Rants of a deranged squirrel.

Why I Don’t Attend the RSA Conference

For years now, I am asked if I will be at the RSA Conference (RSAC). Invariably, I answer no because I will not subject myself to it, or support the conference in any way.

The short answer as to why, is that it is basically the “Comdex” of InfoSec. Overly large, full of flash, and mostly a waste of time. Rather than real value or progress, RSAC offers the same buzzwords and claims of innovation that fail us year after year. The same technology from last year, five years ago, and often ten years ago is rebranded, given a new interface, and sold to us as if it is the next great miracle that will magically solve all of our security woes. Every year, security gets worse, attackers get better, more systems are compromised. RSAC is doing nothing for us.

And then there are the keynotes. The biggest names in InfoSec! People that make the news, lead the biggest companies, boldly take on the title of “visionary” or “thought leader”. They give banal talks that rehash the same ideas that are supposed to be the fundamental core of our business. Rather than providing real help, they offer us crappy analogies and the latest buzzwords. These platitudes fill the seats with professionals that are excited to be there, walk away feeling they got some kind of value, and return to providing mediocre services that consistently fail to secure the networks they consider so valuable.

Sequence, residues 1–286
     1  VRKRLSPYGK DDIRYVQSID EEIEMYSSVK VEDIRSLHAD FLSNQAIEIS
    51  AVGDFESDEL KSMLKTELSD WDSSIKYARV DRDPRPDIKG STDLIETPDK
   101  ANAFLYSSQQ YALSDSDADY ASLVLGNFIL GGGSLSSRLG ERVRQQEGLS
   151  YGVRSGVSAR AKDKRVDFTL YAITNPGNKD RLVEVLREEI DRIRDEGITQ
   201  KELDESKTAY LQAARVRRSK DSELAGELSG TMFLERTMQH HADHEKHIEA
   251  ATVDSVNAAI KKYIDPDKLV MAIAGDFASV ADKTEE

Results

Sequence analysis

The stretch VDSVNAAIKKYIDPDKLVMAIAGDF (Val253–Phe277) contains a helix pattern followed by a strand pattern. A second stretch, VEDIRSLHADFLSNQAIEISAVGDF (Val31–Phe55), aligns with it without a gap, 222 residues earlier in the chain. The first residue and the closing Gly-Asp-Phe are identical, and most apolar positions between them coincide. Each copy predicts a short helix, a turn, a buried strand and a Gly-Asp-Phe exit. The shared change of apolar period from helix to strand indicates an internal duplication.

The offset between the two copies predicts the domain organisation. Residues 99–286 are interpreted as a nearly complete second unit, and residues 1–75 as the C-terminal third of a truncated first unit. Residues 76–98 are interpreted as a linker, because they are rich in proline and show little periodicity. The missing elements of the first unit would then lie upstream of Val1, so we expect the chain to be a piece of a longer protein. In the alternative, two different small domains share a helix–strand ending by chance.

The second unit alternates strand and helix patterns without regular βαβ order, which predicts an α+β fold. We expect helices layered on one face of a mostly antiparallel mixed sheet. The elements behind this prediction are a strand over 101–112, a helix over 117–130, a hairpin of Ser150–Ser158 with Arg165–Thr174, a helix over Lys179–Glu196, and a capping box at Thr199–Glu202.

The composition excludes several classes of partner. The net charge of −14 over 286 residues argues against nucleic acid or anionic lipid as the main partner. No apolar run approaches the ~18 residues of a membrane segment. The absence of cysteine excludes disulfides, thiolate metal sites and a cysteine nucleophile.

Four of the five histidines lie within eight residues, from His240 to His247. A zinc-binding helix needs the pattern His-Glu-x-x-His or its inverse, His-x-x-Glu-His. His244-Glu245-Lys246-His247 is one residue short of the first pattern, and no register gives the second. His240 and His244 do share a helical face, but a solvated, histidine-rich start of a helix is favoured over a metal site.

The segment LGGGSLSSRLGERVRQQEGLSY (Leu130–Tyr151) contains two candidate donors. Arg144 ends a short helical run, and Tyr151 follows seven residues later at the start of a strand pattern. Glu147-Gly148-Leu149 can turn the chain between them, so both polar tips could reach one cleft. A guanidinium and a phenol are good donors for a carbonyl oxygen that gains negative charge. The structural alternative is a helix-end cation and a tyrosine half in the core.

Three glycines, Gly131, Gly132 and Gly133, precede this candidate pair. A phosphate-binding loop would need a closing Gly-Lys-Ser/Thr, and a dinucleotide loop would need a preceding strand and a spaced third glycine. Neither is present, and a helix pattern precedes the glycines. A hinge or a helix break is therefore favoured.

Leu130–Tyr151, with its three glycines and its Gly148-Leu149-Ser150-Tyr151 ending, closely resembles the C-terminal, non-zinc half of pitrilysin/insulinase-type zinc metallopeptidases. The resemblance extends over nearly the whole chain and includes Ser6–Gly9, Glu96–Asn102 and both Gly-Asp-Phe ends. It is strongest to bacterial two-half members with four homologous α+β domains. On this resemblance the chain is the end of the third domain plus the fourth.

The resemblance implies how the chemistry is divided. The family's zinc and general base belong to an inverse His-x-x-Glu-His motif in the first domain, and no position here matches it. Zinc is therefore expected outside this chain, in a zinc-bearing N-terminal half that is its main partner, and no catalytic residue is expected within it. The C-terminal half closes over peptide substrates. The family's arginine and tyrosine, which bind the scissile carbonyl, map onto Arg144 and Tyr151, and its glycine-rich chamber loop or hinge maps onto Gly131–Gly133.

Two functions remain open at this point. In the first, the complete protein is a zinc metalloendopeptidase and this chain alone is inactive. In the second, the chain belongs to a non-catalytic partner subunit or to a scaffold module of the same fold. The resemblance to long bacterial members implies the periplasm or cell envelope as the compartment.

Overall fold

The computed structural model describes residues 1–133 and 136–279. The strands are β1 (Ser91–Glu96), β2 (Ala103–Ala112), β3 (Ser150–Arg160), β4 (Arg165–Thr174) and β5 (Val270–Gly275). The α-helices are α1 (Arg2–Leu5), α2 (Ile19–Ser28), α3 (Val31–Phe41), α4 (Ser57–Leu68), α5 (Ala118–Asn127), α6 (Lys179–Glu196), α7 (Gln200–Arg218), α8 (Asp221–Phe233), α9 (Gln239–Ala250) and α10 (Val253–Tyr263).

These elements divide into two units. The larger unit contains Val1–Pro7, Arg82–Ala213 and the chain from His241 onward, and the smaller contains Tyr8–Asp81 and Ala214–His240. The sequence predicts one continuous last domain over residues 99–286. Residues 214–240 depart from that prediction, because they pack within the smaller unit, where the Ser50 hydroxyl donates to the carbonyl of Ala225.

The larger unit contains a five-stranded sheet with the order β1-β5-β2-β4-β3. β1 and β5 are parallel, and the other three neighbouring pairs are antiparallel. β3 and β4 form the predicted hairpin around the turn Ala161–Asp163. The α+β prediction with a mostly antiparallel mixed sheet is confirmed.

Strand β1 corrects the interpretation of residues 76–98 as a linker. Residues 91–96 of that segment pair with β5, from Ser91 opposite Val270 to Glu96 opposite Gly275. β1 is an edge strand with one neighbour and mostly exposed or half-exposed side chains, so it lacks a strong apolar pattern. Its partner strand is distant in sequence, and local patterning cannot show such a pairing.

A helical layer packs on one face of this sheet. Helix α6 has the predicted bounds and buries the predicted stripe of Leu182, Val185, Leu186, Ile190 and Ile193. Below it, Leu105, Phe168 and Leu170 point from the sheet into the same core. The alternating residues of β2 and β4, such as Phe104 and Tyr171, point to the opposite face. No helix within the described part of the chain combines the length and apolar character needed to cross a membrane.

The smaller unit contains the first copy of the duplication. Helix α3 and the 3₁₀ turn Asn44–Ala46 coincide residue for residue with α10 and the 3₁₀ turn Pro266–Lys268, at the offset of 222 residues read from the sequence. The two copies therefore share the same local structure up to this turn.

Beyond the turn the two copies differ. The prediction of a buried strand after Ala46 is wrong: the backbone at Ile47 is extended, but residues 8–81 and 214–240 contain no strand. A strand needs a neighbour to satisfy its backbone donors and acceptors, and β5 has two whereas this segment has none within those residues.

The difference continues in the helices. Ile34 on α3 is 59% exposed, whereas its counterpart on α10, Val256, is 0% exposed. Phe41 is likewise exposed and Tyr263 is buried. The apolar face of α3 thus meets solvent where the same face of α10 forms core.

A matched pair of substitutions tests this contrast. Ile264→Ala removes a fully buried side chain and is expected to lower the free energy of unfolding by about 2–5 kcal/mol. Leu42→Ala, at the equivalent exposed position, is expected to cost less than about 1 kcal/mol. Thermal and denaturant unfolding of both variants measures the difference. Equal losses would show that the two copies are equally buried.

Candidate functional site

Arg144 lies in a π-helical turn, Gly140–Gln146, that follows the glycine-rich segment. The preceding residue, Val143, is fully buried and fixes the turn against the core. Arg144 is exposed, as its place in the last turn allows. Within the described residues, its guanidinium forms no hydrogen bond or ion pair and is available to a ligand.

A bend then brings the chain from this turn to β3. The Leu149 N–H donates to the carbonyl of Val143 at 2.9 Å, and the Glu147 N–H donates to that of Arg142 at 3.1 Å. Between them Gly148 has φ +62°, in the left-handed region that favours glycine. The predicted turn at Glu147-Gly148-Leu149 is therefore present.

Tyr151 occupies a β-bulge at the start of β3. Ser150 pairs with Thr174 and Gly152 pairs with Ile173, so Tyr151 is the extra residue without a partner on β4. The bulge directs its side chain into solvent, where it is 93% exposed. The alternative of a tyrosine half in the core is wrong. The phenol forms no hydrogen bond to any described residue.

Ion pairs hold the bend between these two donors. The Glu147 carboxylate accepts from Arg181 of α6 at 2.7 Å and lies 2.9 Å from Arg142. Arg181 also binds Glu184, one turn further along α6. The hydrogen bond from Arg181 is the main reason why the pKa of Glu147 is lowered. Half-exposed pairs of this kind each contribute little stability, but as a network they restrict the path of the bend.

Watching Tweets from the conference are absolutely disgusting. The blatant fan-boy attitudes, getting excited about free giveaways, bragging about the parties attended. They live-tweet talks that frequently offer the same platitudes and buzzwords as the keynotes. The worst part, they don’t even realize they are part of the problem.

Speaking of the parties, this year has around 70 parties crammed into one week. Remind me, as an industry, what exactly are we celebrating? Record number of data breaches, almost a thousand vulnerabilities disclosed every month, endless malware, new types of attacks that are harder to detect, compliance initiatives that waste time and offer no lasting security. Are we celebrating that? Or that these security companies continue to make stupid amounts of money selling inferior products and solutions?

So no thanks, not interested in attending the security cesspool.

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